Column Editor: Laura N. Gasaway (Associate Dean for Academic Affairs, University of North Carolina-Chapel Hill School of Law, Chapel Hill, NC 27599; Phone: 919-962-2295; Fax: 919-962-1193) <[email protected]> www.unc.edu/~unclng/gasaway.htm
QUESTION: Are three paragraphs from a copyrighted work too much to put on a Webpage?
ANSWER: To answer this question requires a fair use analysis. (1) What is the purpose of the use? If the text is on a password-protected Website restricted to enrolled students in a particular course in a nonprofit educational institution, the purpose of the use is different than if one is copying three paragraphs and putting them on an open Website. (2) What is the nature of the copyrighted work? Is the work a novel, a poem, a scientific article? How old is the work? Is it still in print? (3) What percent of the copyrighted work do the three paragraphs represent? If the three paragraphs are from a full-length novel, then this is a very small portion. However, if the work is a poem printed on two pages, three paragraphs represents a fairly substantial portion. Even if the copied paragraphs are a small portion of the work, if the copied paragraphs represent the heart of the work, then the amount is too much. (4) What is the impact of the copying of the three paragraphs on the potential market for or value of the work? Does the use interfere with the sales of the work? Does it destroy the value?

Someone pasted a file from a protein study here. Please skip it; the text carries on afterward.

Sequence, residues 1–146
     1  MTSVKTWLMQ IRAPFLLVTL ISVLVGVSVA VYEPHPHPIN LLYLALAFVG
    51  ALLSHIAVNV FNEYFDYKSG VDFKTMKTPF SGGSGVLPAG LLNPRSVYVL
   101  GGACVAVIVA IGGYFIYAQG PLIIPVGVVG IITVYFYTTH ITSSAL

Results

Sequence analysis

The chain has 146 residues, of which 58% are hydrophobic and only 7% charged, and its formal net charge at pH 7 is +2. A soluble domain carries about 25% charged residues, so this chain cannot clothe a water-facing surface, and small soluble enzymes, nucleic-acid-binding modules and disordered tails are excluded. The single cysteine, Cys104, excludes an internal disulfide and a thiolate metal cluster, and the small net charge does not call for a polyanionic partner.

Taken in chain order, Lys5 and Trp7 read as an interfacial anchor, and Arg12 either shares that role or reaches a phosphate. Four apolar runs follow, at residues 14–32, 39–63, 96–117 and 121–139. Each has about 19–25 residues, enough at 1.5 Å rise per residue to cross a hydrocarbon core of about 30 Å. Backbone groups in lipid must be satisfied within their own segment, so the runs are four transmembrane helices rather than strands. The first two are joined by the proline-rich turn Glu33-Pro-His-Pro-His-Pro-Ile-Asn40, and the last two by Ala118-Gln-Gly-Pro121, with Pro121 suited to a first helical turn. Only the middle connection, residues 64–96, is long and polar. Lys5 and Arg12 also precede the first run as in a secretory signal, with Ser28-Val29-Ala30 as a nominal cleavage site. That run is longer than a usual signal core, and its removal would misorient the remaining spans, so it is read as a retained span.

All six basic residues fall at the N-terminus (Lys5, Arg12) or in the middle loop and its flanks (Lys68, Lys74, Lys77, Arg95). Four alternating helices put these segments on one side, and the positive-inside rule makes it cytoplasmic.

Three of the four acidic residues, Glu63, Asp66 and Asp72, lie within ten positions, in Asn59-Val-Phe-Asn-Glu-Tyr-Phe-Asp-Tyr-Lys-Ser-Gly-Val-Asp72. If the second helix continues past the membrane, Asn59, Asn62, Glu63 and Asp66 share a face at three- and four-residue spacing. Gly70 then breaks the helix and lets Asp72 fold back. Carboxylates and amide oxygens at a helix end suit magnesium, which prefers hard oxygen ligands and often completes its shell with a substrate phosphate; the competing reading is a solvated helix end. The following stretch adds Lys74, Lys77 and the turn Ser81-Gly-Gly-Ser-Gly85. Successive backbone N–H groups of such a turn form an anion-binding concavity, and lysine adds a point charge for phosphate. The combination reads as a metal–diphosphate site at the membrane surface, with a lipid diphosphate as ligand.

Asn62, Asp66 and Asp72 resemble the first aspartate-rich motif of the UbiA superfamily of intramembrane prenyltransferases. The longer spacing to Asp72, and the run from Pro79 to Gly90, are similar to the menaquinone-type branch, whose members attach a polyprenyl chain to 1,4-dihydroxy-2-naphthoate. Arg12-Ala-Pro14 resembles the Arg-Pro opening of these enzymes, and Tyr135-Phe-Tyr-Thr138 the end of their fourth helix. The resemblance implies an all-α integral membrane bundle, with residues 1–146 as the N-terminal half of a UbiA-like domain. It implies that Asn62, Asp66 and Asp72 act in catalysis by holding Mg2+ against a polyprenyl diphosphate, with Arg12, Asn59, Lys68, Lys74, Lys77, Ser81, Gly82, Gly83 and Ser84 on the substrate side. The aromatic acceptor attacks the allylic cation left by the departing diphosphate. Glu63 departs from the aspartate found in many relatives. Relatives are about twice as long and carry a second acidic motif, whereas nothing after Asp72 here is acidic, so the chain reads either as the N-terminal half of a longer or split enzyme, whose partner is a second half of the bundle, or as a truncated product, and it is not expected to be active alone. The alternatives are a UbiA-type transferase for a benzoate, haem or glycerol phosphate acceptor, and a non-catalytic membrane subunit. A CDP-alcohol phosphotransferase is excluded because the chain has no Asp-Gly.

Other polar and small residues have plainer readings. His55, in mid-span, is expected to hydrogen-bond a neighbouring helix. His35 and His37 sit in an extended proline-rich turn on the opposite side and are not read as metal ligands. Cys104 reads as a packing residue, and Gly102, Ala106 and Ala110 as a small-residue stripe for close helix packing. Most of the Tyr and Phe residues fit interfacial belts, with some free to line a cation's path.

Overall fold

If the three paragraphs are from a mystery novel, and they reveal the “who done it,” then not only did it take the heart of the work but it could also destroy the market for the novel. It is always possible to seek permission from the copyright holder to use the three paragraphs on the Webpage.
QUESTION: Section 108(f)(3) appears to be a very unusual section that allows libraries to record television news programs. What is the reason for this provision?
ANSWER: When television news programs began, their value was not fully appreciated by the networks. In fact, for years CBS did not videotape Walter Cronkite and the Evening News. Vanderbilt University Library started the Television News Archive and recorded network news daily. A library could borrow a copy of a specific news tape from the Archive. At some point, CBS began to videotape Walter Cronkite and sued Vanderbilt University for infringing its reproduction and distribution rights. During the debates on the Copyright Act of 1976, Congress recognized that there was something unique about the news, and it gave libraries the right to record the TV news. After passage of the Act, CBS dropped the suit against Vanderbilt, which still maintains the Television News Archive. See http://tvnews.vanderbilt.edu/.
QUESTION: How useful has section 108(h) been to libraries and archives?
ANSWER: Designed to ameliorate the effects of term extension, section 108(h) was added to the Copyright Act in 1998. It is an interesting provision that allows libraries, archives, and nonprofit educational institutions to reproduce, distribute, perform, or display copyrighted works during the last 20 years of their terms if certain conditions are met. At this point, the author has already been dead for 50 years. In order to take advantage of the exception, a library may not take advantage of this exception if: (1) the work is subject to normal commercial exploitation; (2) if a copy can be obtained at a reasonable price; or (3) the copyright owner provides notice that either of the other two conditions are met.
The benefit is that under section 108(h), a library may digitize a work and put it on a publicly accessible Website. In other words, there is no premises restriction, unlike sections 108(b) and (c). The U.S. Copyright Office created a process by which publishers could electronically provide the notice in number 3 above. Unfortunately, not one single copyright owner has utilized this process to notify the world that its works are available or that it intends to republish or reprint such a work.